The real villain here is Christopher Walken as the slimy Max Schreck (named after the actor, bringing the German Expressionism ties full circle), Bruce Wayne’s number one corporate rival. Walken looks like a mad scientist who just walked out of an old silent film, with his shock of grey hair and lanky, pale features. He also refreshingly plays Schreck relatively low-key - Schreck’s a character who doesn’t need to raise his voice to be threatening. It's all there in his eyes.

    The script finds some convoluted and not-so-convoluted ways to team up the three villains, as all Batman films do in the end. The benefit of the allegiances constantly changing always ups the stakes, as each villain double-crosses the other at one point or another. It certainly never gets boring.

    All three villains aren’t always successful in their on-screen portrayals, but provide a nice threat on all fronts to Batman - from the personal in Penguin with his family heritage, to the sexual flirtations with the dark side in Catwoman and the overall threat of Max Schreck to both Wayne Industries and the city of Gotham as a whole.

THOSE WONDERFUL TOYS: The bat-suit and Batmobile return relatively intact, although streamlined as with the rest of the film. The outfit has been changed slightly to resemble an actual suit of armor instead of the sculpted muscle suit of the first film, also with a modified cape that looks much better when it‘s outstretched for gliding. The Batmobile has a few modifications, such as the nifty feature to shed its skin and become a slender Bat-missile - perfect for navigating narrow alleyways. Batman also gets a new vehicle in the Bat-skiboat, which doesn’t really get to do a whole lot, but looks cool.

    Rounding out Batman’s gadgets are his ubiquitous batarangs, this time with a nifty computerized targeting screen. Batman also uses what looks to be a capsule of bluish acid on Catwoman, burning her arm in the process. Which is rather sadistic, all things considered.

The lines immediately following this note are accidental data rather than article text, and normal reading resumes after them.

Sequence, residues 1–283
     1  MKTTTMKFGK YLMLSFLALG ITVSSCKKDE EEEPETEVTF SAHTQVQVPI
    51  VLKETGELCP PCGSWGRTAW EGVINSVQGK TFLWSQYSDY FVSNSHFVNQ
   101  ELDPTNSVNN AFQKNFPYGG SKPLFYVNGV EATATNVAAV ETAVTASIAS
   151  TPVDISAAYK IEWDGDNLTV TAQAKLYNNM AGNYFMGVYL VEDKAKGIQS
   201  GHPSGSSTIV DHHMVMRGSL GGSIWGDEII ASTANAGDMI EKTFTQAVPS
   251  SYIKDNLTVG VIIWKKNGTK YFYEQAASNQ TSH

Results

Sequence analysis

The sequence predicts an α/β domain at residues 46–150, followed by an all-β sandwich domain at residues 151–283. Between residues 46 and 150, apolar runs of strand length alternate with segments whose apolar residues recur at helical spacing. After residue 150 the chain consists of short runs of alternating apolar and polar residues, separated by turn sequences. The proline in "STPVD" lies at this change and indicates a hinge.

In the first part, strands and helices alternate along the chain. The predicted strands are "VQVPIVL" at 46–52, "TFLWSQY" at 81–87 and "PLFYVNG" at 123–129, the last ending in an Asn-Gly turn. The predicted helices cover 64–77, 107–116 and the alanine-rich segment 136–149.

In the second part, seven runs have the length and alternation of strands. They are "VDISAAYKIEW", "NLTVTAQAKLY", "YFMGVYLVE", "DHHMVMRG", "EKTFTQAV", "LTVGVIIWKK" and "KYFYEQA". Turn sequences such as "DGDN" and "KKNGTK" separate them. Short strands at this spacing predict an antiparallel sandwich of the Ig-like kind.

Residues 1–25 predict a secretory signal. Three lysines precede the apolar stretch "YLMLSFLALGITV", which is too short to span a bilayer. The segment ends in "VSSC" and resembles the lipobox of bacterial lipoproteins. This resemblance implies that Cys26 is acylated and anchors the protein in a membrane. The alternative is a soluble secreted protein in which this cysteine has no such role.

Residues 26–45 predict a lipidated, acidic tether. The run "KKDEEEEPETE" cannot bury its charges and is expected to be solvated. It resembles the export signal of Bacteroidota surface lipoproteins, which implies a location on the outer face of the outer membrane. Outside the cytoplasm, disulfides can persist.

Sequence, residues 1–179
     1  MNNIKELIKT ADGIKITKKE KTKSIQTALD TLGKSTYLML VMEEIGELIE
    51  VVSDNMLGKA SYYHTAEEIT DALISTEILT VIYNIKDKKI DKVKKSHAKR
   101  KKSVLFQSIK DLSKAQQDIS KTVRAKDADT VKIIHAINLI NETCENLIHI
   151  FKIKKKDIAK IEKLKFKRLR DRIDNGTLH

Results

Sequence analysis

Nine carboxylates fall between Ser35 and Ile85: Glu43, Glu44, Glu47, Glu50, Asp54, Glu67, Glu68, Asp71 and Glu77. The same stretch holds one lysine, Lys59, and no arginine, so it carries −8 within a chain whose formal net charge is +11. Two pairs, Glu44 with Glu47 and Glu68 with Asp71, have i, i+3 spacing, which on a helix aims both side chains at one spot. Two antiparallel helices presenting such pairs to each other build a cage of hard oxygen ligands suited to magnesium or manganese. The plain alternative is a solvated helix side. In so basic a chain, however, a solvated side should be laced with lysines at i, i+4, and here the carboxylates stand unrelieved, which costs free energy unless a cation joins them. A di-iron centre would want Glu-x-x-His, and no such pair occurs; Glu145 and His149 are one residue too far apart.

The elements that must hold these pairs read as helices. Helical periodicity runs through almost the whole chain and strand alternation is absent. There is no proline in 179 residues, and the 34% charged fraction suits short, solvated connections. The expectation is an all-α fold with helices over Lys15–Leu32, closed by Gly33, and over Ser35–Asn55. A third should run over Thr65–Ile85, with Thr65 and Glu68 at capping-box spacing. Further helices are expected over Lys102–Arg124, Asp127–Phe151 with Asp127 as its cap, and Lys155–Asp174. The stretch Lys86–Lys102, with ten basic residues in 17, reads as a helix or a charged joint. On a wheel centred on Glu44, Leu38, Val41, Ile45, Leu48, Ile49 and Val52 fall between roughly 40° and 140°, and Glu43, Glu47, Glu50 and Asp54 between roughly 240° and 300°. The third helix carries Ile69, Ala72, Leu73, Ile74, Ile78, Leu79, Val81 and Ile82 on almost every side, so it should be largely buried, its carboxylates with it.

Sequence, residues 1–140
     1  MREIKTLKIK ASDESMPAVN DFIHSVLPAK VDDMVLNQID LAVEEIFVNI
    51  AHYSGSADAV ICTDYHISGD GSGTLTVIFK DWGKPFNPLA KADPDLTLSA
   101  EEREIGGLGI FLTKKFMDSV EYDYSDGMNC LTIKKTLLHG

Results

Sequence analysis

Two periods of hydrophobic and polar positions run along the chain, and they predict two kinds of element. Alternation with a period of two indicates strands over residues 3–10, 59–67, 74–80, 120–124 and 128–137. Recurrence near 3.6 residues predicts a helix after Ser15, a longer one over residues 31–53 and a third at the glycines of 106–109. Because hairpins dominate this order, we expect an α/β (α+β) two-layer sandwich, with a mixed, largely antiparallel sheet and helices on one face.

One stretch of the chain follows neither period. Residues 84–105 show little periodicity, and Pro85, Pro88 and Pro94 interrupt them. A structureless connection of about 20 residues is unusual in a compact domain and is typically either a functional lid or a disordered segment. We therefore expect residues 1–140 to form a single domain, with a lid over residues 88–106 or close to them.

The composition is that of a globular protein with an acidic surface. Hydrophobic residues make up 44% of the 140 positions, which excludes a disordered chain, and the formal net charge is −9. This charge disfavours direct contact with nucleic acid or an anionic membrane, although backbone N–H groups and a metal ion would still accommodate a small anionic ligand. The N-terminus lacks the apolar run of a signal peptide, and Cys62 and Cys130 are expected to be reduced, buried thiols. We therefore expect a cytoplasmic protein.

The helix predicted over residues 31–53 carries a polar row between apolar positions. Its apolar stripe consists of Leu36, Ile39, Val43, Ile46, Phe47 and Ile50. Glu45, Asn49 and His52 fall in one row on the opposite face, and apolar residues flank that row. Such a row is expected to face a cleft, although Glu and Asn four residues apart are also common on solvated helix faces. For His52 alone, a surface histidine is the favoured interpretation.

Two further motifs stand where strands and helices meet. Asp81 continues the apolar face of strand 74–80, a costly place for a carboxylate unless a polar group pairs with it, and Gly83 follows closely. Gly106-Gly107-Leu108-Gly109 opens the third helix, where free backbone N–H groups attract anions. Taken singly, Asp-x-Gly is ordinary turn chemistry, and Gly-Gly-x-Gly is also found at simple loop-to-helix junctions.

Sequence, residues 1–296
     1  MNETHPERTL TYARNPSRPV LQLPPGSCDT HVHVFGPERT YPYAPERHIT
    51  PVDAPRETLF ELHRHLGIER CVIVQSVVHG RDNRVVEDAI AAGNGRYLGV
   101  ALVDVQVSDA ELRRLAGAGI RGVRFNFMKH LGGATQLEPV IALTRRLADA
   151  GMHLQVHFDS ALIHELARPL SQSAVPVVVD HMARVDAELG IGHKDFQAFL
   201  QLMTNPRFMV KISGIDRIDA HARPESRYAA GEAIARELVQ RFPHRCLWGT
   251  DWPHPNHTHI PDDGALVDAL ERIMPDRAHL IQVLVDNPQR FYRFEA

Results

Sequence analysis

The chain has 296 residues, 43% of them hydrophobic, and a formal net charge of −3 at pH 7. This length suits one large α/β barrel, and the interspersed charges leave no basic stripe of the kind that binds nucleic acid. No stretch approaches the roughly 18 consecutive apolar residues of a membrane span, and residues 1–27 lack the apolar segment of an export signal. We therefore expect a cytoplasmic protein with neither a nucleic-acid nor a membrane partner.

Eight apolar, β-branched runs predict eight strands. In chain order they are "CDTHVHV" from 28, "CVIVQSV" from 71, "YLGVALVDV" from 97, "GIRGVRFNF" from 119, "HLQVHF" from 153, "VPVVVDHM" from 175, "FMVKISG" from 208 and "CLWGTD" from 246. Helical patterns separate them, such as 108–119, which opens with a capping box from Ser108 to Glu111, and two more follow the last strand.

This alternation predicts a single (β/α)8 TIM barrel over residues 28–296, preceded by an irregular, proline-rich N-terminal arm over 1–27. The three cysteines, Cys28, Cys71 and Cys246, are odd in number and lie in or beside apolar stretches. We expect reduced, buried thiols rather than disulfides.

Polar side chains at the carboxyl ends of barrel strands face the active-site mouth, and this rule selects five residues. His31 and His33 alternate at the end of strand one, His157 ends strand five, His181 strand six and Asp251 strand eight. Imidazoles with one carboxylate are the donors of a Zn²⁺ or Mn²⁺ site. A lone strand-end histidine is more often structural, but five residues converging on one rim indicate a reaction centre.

The Penguin gets just as many gadgets, like his impressive collection of gimmick umbrellas. He also gets about the sewers in that large, bizarre rubber ducky, and let’s not forget the actual penguins - helmeted and rocket-packed, they are gloriously stupid.

THE BAT’S IN THE DETAILS: I feel like there’s a bit of commentary on Burton’s own career with Penguin’s rise and subsequent fall from fame - both are outsiders who somehow became celebrities, but plagued to be only defined by their weirdness.

    One of the defining character traits of Batman is that he does not kill. This hasn’t always been in place (in his 1939 debut, Batman routinely shot criminals with his trusty sidearm), but has become a staple of the character in recent years. The Burton films pretty much eschew this, as in the first film where Batman didn’t try very hard not to knock thugs from tall heights to their screaming deaths. And in Returns, Batman gets downright sadistic: he torches a flame-breather with the turbines of the Batmobile, and stuffs an explosive down a thug’s pants before dropping him off the side of a building.

    Robin was a part of the script up until the very last moment, but was dropped before filming began due to the film already being overstuffed with characters. Marlon Wayans was originally cast in the role, which would have seen Robin reimagined as a young African-American mechanic.

    This has probably the most absurd set-piece ever filmed for an action blockbuster, as a legion of penguins descend upon Gotham City with rockets strapped to their backs - proof-positive that Burton’s Batman films really aren’t all that far removed from the 60’s show they desperately wanted to distance themselves from.

    Is there anything creepier than a traveling circus that kidnaps children in their sleep? No. There is not (I know I’m not the only one who had nightmares of this as kid after seeing the movie).

    Pfeiffer in the form-fitting outfit and whip must have kick-started several male puberties at the time. Not that I'm speaking from experience or anything... *twiddles thumbs, nervously looks at ground*

    Burton reunites with two of his Pee Wee actors, as Paul Reubens and Diane Salinger cameo here as the Penguin’s parents.

    Andrew Bryniarski decides to forgo the whole acting thing as Max’s son Chip, instead settling on a half-baked Christopher Walken impression.

    Michelle Pfeiffer actually put a live bird in her mouth in the scene where Catwoman tries to eat Penguin’s canary. That’s dedication for you.

    Michael Keaton scratches a CD like it’s a record, as if to remind us that, yes, this was made in 1992.

BEST QUOTE: When Alfred asks if Batman's in pain after an encounter with Catwoman, Batman smirks and says, "Not really."

THE LAST LAUGH: Although a Batman movie that doesn’t have a whole lot to do with Batman, Tim Burton’s Batman Returns is much improved over its predecessor - a dark, fairy-tale noir with a cast of tragic, fascinating characters.